T. Murray-Browne and P. Tigas, “Emergent Interfaces: Vague, Complex, Bespoke and Embodied Interaction between Humans and Computers,” Applied Sciences, 11(18): 8531, 2021.



Most human–computer interfaces are built on the paradigm of manipulating abstract representations. This can be limiting when computers are used in artistic performance or as mediators of social connection, where we rely on qualities of embodied thinking: intuition, context, resonance, ambiguity and fluidity. We explore an alternative approach to designing interaction that we call the emergent interface: interaction leveraging unsupervised machine learning to replace designed abstractions with contextually derived emergent representations. The approach offers opportunities to create interfaces bespoke to a single individual, to continually evolve and adapt the interface in line with that individual’s needs and affordances, and to bridge more deeply with the complex and imprecise interaction that defines much of our non-digital communication. We explore this approach through artistic research rooted in music, dance and AI with the partially emergent system Sonified Body. The system maps the moving body into sound using an emergent representation of the body derived from a corpus of improvised movement from the first author. We explore this system in a residency with three dancers. We reflect on the broader implications and challenges of this alternative way of thinking about interaction, and how far it may help users avoid being limited by the assumptions of a system’s designer.

    author = {Murray-Browne, Tim and Tigas, Panagiotis},
    journal = {Applied Sciences},
    number = {8531},
    title = {Emergent Interfaces: Vague, Complex, Bespoke and Embodied Interaction between Humans and Computers},
    volume = {11},
    year = {2021}

Latent Mappings: Generating Open-Ended Expressive Mappings Using Variational Autoencoders

  • Tim Murray-Browne and Panagiotis Tigas
  • Peer-reviewed conference paper

A short technical paper for the NIME conference that describes the approach Panagiotis and I developed in Sonified Body to interpret human movement. We use an AI model trained entirely on an individual's movement to form a compressed representation of how their body moves. We use this to generate a primary mapping for transforming movement into sound that is based entirely on their existing vocabulary of movement.

In the paper we argue why we feel this approach is effective in open ended creative work, such as the real-time transformation of a dancer's movement into sound, as we're doing.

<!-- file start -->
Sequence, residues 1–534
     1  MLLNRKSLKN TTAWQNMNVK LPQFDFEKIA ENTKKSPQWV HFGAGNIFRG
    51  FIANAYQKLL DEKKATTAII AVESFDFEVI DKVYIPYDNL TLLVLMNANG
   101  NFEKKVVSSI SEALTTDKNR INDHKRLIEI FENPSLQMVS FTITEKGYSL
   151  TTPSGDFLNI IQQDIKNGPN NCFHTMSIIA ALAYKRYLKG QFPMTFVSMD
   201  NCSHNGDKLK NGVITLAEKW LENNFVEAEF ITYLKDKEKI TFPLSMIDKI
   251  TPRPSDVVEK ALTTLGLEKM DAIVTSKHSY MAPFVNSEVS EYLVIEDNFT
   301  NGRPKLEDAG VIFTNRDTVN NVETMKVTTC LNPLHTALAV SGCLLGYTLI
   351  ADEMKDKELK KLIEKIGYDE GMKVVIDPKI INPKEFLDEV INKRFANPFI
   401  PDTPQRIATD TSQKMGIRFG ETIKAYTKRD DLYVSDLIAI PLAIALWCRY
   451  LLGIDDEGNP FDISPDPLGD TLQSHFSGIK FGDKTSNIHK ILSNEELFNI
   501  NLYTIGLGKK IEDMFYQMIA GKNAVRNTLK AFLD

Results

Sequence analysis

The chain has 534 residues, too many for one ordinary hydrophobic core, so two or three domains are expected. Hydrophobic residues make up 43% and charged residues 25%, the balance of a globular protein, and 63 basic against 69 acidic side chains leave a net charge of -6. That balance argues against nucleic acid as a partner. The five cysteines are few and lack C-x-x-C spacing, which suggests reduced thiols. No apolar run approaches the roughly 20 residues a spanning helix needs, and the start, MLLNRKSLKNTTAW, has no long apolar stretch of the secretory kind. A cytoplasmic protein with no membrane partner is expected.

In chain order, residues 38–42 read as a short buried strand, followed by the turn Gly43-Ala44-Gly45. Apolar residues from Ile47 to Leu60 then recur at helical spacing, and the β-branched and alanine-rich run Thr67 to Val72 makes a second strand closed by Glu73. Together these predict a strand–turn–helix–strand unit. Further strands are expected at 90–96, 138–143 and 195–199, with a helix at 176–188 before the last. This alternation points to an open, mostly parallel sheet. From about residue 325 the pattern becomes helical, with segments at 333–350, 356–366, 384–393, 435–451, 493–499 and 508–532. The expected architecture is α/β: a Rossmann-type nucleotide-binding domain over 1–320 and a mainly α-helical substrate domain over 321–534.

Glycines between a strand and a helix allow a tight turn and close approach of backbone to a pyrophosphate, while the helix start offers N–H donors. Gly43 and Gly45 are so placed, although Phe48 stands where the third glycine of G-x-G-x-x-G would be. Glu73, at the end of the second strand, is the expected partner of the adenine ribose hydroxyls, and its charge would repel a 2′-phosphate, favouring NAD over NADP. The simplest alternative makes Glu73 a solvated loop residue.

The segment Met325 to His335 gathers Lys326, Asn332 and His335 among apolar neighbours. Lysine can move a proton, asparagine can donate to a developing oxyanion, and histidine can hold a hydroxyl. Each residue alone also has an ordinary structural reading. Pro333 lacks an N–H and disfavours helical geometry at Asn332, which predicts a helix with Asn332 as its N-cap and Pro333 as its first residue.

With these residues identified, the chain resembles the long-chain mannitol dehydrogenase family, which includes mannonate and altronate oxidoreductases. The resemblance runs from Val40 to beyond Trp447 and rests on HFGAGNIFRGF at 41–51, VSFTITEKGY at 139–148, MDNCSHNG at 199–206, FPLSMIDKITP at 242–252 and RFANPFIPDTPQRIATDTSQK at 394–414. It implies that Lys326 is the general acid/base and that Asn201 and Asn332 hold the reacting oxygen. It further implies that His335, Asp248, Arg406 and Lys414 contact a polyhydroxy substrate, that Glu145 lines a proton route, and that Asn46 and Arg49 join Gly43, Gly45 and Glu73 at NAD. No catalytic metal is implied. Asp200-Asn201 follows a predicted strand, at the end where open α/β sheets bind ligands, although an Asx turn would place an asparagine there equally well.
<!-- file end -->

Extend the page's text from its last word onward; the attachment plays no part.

T. Murray-Browne and P. Tigas, “Latent Mappings: Generating Open-Ended Expressive Mappings Using Variational Autoencoders,” in Proceedings of the International Conference on New Interfaces for Musical Expression (NIME), online, 2021.



In many contexts, creating mappings for gestural interactions can form part of an artistic process. Creators seeking a mapping that is expressive, novel, and affords them a sense of authorship may not know how to program it up in a signal processing patch. Tools like Wekinator [1] and MIMIC [2] allow creators to use supervised machine learning to learn mappings from example input/output pairings. However, a creator may know a good mapping when they encounter it yet start with little sense of what the inputs or outputs should be. We call this an open-ended mapping process. Addressing this need, we introduce the latent mapping, which leverages the latent space of an unsupervised machine learning algorithm such as a Variational Autoencoder trained on a corpus of unlabelled gestural data from the creator. We illustrate it with Sonified Body, a system mapping full-body movement to sound which we explore in a residency with three dancers.

    author = {Murray-Browne, Tim and Tigas, Panagiotis},
    booktitle = {International Conference on New Interfaces for Musical Expression},
    day = {29},
    doi = {10.21428/92fbeb44.9d4bcd4b},
    month = {4},
    note = {\url{}},
    title = {Latent Mappings: Generating Open-Ended Expressive Mappings Using Variational Autoencoders},
    url = {},
    year = {2021},

Who is that voice in your head speaking to?

There seems at first something a bit pathetic about spending your time rehearsing conversations you might have with people. And yet, I recently observed that this seems to be how my thinking process operates. My internal monologue, the inner voice of the mind, is near exclusively in the form of an imaginary conversation with somebody. I have a hunch that this might be quite common. After all, it took me a while to admi…

The Cave of Sounds: An Interactive Installation Exploring How We Create Music Together

  • Tim Murray-Browne, Dom Aversano, Susanna Garcia, Wallace Hobbes, Daniel Lopez, Tadeo Sendon, Panagiotis Tigas, Kacper Ziemianin and Duncan Chapman
  • Academic conference paper

A paper at the NIME conference describing the experimental creative process of non-hierarchical organic creation that led to Cave of Sounds.


T. Murray-Browne, Dom Aversano, S. Garcia, W. Hobbes, D. Lopez, P. Tigas, T. Sendon, K. Ziemianin, D. Chapman, “The Cave of Sounds: An Interactive Installation Exploring How We Create Music Together,” in Proceedings of the International Conference on New Interfaces for Musical Expression, pp. 307-310, London, UK, 2014.